AXANAR has a new co-writer!  Ladies and gentlemen, meet PAUL JENKINS.  As you can see from his IMDb page, this bloke (he’s British) has done a LOT of stuff in television, film, and video games.  He’s also one of the writers credited with helping to rescue Marvel Comics from Chapter 11 bankruptcy in the late 1990s with the introduction of the “Marvel Knights” series of titles.  Since then, Paul has written everything from Spider-Man and the Incredible Hulk to the ground-breaking Wolverine: Origin (which served as the basis for the feature film with Hugh Jackman).

And now, Paul will be helping ALEC PETERS complete the scripts for the Axanar fan films.

The script for Axanar has trekked a long road.  Alec first began working on the story back in 2011.  And Alec welcomed input from folks like John Muenchrath (who played Dr. McCoy on Star Trek: New Voyages under the stage name “John Kelley”), Star Trek novelist Dave Galanter (see Dave Galanter’s post below in the comments section), Prelude to Axanar director Christian Gossett, and of course, “Trouble with Tribbles” episode writer David Gerrold.  During 2015, then-Axanar director ROBERT MEYER BURNETT brought on BILL HUNT to take yet another pass at tweaking the script.  By the time Axanar was ready to shoot in early 2016, the 90-minute script was already on version 7.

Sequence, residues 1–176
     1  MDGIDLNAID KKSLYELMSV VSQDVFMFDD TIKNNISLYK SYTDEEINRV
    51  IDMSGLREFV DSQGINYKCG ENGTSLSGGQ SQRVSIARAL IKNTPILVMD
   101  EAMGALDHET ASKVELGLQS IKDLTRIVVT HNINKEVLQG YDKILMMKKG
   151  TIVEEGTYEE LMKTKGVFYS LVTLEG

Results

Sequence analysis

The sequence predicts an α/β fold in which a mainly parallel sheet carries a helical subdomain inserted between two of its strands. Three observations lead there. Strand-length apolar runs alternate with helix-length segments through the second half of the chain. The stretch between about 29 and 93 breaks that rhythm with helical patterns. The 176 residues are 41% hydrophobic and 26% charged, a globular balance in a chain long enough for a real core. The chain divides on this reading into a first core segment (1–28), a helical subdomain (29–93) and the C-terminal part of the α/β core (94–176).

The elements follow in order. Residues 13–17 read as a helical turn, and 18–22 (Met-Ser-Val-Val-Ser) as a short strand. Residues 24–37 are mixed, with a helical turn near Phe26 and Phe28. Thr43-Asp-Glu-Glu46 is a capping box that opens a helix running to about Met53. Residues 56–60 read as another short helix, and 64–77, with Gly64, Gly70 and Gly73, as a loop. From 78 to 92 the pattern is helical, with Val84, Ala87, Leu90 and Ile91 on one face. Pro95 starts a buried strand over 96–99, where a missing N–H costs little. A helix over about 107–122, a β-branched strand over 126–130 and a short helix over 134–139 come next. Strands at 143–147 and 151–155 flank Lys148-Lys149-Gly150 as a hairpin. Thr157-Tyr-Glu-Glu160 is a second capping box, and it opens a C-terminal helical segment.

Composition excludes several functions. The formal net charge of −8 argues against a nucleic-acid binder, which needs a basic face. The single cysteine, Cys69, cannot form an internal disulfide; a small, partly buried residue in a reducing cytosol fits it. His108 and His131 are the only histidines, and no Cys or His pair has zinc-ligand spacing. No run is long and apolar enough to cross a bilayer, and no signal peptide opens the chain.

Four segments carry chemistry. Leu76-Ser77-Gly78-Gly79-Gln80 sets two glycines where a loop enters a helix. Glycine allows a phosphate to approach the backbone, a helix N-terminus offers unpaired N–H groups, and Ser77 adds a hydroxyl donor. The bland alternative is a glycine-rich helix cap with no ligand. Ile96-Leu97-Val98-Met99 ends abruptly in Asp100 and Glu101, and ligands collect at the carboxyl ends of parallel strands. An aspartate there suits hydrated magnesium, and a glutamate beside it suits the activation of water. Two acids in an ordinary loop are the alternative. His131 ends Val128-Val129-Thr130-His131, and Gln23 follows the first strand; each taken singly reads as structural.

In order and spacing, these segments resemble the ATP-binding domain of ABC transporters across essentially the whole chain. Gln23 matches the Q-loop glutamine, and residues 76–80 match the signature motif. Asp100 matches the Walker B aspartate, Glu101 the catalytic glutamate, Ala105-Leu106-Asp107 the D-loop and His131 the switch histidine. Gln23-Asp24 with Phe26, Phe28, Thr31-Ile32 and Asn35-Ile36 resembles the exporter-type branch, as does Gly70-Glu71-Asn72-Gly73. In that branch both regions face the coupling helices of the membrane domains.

During the lawsuit, Bill Hunt and Alec worked on additional revisions of the script.   I read one of their iterations, and it was up to version 9.

Finally, after the lawsuit settled, Alec was permitted to make Axanar not as a 90-minute feature film but rather as two 15-minute short fan films.  There would still be a full 90-minute script distributed to donors, but two 15-minute scripts would now need to be written, based on the longer version.

Alec decided to write the new 15-minute scripts as “Part IV” and “Part V” of The Four Years War mock documentary, with Prelude to Axanar having been “Part III.”  The first drafts of both of those scripts were completed by Alec this past summer, with a number of people (including me) reviewing them an providing feedback.  Then, on October 6, Alec announced that Paul Jenkins would be joining the Axanar team as co-writer.